Columbus State is a terrific community college and I had the honor of serving as its Board Chair for 2 years. Here’s a link to the employee newsletter.
For the first time, teachers can acquire an applied Masters in STEM Instruction. This 36 credit program focuses on the practice of using Transdisciplinary Problem-Based Learning (TPBL) as an Instructional Strategy coupled with Community Relevant Strategies, and STEM and the Principles of Design as the Delivery System. Each course builds upon the previous scaffolding teachers through a replicable process that enables them to
Plan rich, rigorous, and relevant modules for the classroom,
Align and Embed standards that form the foundation of Student Learning Objectives and Assessment,
Quantify and Analyze both formative and summative assessments,
Respond to cultural diversity and differentiated learners,
Practice implementing TPBL modules
Manage TPBL Classrooms, and
Provide evidence of Teaching Effectiveness.
Coupled with existing DWU courses graduate students will emerge from this Master’s program with strong practical experience and a well-grounded understanding of how to successfully implement TPBL, how to clearly demonstrate the practice, and what to share as evidence of effectiveness.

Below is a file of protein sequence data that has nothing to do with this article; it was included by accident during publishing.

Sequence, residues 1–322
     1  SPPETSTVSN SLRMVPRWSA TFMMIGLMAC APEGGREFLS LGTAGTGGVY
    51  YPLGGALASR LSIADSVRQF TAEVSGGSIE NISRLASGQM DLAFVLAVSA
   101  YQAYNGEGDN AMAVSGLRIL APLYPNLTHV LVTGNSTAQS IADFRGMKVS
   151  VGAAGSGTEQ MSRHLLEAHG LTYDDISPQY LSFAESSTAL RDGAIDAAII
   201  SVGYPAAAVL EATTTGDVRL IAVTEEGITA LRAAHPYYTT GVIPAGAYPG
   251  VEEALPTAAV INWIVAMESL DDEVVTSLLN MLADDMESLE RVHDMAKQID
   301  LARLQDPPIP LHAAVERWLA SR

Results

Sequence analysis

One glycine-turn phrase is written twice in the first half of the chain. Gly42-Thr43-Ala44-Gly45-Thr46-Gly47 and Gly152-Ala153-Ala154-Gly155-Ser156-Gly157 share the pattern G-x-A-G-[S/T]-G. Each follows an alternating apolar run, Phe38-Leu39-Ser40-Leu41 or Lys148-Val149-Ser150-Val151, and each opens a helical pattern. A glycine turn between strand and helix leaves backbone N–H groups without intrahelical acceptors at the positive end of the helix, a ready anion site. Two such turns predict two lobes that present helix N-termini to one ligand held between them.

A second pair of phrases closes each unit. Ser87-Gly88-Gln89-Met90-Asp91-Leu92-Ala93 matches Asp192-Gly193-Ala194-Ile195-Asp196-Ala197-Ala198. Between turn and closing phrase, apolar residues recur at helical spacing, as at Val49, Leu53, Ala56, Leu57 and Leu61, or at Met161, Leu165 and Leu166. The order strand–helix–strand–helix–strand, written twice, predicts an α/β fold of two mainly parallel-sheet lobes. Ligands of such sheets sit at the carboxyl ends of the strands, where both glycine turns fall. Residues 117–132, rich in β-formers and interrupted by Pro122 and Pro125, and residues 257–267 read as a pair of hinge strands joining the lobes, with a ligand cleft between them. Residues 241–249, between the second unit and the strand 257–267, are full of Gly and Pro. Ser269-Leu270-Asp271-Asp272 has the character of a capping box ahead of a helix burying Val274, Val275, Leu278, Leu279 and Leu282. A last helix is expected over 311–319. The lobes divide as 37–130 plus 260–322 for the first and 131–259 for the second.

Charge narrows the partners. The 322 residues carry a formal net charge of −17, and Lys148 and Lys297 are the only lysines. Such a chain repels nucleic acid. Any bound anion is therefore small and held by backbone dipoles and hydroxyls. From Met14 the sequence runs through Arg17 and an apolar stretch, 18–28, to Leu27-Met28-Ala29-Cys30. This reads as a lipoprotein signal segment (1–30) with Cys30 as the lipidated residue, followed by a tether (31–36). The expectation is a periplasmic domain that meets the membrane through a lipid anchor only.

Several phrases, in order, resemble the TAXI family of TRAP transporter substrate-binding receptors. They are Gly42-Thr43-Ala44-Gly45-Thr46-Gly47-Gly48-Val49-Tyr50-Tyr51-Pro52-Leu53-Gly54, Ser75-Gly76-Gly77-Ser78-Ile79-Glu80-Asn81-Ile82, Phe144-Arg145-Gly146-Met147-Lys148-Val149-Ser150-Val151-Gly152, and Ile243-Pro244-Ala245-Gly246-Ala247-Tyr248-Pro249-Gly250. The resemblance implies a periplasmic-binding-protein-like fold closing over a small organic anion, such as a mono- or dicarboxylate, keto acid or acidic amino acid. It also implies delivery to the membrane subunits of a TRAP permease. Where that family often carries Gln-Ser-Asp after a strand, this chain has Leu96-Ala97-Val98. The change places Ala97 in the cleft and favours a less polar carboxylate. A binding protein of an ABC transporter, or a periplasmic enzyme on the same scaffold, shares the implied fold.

Starting this fall, middle-school students from across central Ohio can apply to attend Ohio’s original science- and math-focused school.
Metro Early College High School, which had served only Franklin County high-school students until this school year, is expanding its program to serve students in grades 6 through 8 in and around Franklin County.
“We feel like adding the younger kids and innovating the middle-school experience can help us broaden our footprint,” said Principal Aimee Kennedy, who sent a letter to parents about the expansion on Monday.
The ability to bring new ideas into situations with large existing momentum is tough. Recently I came across a case study that was written by the Generative Leadership Group about some work I did at Battelle during 2004-5. Go here to read the case.
Columbus State Community College celebrated its May 2014 Commencement last week.
See video highlights here
Ohio Pathways to Prosperity – $14.4 million
Pathway to Prosperity is a multi-state network led by the non-profit Jobs for the Future and researchers at Harvard’s Graduate School of Education. This consortium is the first group to bring Pathway to Prosperity programs to Ohio so will likely be watched closely. The consortium’s primary goals are to offer sustainable, work-based learning opportunities for students; increase high school graduation rates; and better prepare graduating students for college success.
I haven’t updated this blog for awhile about the progress in RCS, so it’s time to bring in the news from 2013. In addition to winning a Pathways to Prosperity grant that involves dozens of districts in central Ohio, RCS continues its progress that has earned the district much-deserved recognition as an innovative district with smart and savvy administrators. Some highlights from the community newspaper below: